There are three big lessons that God used the Appalachian Trail to teach me. Once I had learned them, the Trail was no longer needed, and so I stayed home where I had planned to stop for only two days.
While each lesson is very important and dear to me now, one of them in particular was what God used to tell me it was time to leave the Trail for now. It is an articulation of who I am; while I did not change, necessarily, I was finally able to clearly talk about how I operate in this world.
More on that later.
The first lesson the Lord taught me was one I had met before, the fact that I cannot and should not try to earn his grace, his forgiveness. He hates sin, yes; He is angry when I do sin and there are negative consequences and my relationship with Him can be clouded or hindered by sin. His love, however, is never affected by my sin, because He loves me to glorify Himself (which is not selfish, but in fact the best possible thing for me; I won't go into this only because entire books have been written on the topic).
I would get frustrated when I would read my bible and pray and I didn't feel well spiritually. Without having articulated it, I expected the Trail to instantly turn me into a pure and potent spiritual person, that being in the woods and walking would cause all my problems to just fall off. If I had been able to articulate this and think clearly about it, I would have realized then how silly and against all patterns of growth. We become patient and mature through longsuffering, and sin takes some time to deal with even when you are mourning it and striving after God.
The second lesson was a product of the simplicity of trail life. Each day, I only concerned myself with one thing beyond basic survival, and that was walking toward Mount Katahdin. My time spent with God during this trip was special because there was hardly anything else to compete with it, and when I did have devotions I would often get to have them in a very beautiful place (one place early on was a small wooden bench across from a small waterfall).
This lesson finally manifested itself when I got home. My time had been spent on walking and with God on the Trail, and I found myself tiring of things that weren't God much more quickly. By "things" I mean distractions that aren't themselves wrong but can easily be vehicles of distraction from God. After the time I had spent with God on the Trail, I could see everything a little more clearly contrasted to Him. Not that I don't struggle with distractions at all; there's just a new awareness in me.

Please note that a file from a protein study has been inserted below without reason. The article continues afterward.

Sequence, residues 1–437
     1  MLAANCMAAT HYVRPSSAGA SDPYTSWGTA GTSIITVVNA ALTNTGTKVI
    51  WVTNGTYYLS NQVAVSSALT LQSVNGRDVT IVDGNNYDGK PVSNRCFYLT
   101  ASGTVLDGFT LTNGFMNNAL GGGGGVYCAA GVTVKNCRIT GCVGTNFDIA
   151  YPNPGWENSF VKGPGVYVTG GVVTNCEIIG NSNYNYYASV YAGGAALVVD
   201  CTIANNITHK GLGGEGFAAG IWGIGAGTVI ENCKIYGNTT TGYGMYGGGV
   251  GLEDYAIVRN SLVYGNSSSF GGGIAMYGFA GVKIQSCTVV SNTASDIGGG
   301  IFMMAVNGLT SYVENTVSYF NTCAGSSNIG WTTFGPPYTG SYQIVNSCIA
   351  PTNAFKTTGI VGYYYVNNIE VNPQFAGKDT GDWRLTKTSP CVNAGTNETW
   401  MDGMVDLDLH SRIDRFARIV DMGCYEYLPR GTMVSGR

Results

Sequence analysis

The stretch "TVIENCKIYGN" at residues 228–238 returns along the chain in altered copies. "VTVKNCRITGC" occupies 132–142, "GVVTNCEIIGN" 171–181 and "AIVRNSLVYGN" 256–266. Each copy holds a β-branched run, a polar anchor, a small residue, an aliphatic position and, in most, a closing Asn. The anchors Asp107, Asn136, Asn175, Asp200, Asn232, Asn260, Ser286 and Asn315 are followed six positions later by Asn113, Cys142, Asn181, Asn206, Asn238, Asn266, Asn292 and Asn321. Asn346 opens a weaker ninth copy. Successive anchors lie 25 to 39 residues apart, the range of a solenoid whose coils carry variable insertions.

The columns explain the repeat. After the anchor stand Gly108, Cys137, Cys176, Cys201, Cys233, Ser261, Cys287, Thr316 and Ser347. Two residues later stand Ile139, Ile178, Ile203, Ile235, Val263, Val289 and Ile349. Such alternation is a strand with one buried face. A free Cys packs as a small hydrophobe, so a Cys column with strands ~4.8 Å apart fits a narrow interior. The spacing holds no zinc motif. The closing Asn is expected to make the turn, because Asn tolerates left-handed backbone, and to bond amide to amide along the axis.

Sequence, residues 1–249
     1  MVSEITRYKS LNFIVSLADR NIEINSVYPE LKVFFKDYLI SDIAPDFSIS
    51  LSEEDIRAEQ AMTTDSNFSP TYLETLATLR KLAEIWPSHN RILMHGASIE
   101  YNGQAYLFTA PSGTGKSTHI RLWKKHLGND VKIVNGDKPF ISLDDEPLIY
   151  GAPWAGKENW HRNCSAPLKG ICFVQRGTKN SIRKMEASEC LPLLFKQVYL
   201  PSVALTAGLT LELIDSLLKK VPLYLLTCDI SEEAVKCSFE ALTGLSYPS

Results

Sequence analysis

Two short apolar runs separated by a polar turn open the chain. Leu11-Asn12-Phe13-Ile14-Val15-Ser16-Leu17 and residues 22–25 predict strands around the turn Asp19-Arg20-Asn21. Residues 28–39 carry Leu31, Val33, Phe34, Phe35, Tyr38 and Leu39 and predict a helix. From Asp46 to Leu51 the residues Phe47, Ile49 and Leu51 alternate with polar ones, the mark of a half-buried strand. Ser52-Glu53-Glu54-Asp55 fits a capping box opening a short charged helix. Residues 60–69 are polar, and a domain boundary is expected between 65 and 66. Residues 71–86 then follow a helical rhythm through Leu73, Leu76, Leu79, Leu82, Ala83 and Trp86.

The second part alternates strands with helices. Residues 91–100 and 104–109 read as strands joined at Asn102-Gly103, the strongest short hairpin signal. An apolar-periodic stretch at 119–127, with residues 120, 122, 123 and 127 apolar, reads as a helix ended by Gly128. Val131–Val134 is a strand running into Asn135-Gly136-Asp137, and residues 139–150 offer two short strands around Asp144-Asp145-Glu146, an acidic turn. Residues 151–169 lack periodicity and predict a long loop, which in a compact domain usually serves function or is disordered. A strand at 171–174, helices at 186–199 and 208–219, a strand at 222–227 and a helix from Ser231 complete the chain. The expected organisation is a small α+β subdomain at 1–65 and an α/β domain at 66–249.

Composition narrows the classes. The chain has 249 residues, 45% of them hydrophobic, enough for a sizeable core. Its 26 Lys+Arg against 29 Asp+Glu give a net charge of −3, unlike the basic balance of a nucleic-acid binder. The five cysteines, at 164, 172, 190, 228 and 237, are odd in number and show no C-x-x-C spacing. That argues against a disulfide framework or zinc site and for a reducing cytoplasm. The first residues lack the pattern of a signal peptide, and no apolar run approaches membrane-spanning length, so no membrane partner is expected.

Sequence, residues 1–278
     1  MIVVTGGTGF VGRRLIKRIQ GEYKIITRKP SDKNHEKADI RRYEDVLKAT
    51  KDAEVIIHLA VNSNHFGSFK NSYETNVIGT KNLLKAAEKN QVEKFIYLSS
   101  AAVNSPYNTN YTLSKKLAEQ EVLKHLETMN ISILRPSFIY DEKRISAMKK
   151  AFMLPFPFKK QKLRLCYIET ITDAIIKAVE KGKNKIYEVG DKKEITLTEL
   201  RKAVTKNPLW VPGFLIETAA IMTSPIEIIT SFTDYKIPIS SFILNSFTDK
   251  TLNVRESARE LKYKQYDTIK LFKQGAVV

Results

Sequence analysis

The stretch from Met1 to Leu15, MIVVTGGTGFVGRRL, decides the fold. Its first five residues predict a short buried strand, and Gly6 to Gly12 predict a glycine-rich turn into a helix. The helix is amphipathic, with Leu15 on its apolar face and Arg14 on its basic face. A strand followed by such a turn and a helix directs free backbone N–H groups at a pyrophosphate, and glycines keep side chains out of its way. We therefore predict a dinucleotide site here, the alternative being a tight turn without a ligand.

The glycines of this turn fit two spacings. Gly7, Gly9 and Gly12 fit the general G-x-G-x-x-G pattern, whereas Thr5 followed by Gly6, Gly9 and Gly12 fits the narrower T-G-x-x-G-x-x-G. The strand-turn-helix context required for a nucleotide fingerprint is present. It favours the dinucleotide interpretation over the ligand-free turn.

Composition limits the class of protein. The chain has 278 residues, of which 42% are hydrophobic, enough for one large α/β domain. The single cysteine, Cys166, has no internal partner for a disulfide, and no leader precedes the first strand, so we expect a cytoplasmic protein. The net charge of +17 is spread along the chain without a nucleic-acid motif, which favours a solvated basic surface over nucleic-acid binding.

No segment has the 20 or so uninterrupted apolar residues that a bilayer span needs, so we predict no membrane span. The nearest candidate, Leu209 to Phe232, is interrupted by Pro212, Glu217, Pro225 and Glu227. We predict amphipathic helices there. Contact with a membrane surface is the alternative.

The last one is the one I have talked about more often because it explains a lot about me and it led, with prayer, to my decision to get off the Trail. There was a period of seven days where I was alone when I stopped for the day, if you don't count the 2 guys (different days) who got there after I went to bed. Neither of them were thru-hikers like I was, and in fact I didn't see any thru-hikers for that entire week.
For most of that week, I was very depressed. I was upset and alone. After medicals issues took me off the Trail and I was thinking about how/if/when/why/where to get back on, I realized that I had no interest in hiking sections where I knew there wouldn't be any thru-hikers due to timing. As I thought about that and the week I had gone through, I realized something about myself: other people, other human beings, are everything to me. The fact that there are people other than just me in existence excites me and the prospect of human connection has always fascinated me. I realized that without other people, things are meaningless for me. That's how much of an extrovert I am. Granted, I do need my alone time once in a while, but my introvert meter usually fills up within about an hour and a half of sitting somewhere with my Bible.
There you have it. My apologizes this did not go up sooner. I hope to update more frequently with what is going on in my life and how God is involved; he always is, and if nothing else I can write about my life to serve as a reminder that God's around no matter what.
You may have noticed the days indicator at the top. On the Trail, my updates were always marked with the day of my journey. 7,908 is the number of days I have been alive. Life is the greatest adventure of all, and numbering each of my days helps me to remember that fact. The stories of our lives are the fairytales and fantasies of Narnia and Middle Earth; we must not forget how much meaning is tied to every day of our lives.